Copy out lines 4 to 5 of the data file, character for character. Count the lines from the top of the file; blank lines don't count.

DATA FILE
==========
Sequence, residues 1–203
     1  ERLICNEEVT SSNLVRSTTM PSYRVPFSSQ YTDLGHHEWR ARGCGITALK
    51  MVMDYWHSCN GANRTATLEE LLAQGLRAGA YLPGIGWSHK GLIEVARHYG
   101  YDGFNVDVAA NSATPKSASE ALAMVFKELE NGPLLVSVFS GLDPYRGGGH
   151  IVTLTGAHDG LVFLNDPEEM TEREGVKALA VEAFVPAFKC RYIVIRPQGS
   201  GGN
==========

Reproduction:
   101  YDGFNVDVAA NSATPKSASE ALAMVFKELE NGPLLVSVFS GLDPYRGGGH
   151  IVTLTGAHDG LVFLNDPEEM TEREGVKALA VEAFVPAFKC RYIVIRPQGS